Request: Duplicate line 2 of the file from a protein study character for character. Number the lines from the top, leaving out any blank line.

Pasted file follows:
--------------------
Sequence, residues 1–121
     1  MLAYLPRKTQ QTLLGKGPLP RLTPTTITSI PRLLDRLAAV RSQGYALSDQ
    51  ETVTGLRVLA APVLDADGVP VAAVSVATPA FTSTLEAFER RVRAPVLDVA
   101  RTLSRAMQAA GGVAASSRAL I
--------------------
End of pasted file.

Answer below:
     1  MLAYLPRKTQ QTLLGKGPLP RLTPTTITSI PRLLDRLAAV RSQGYALSDQ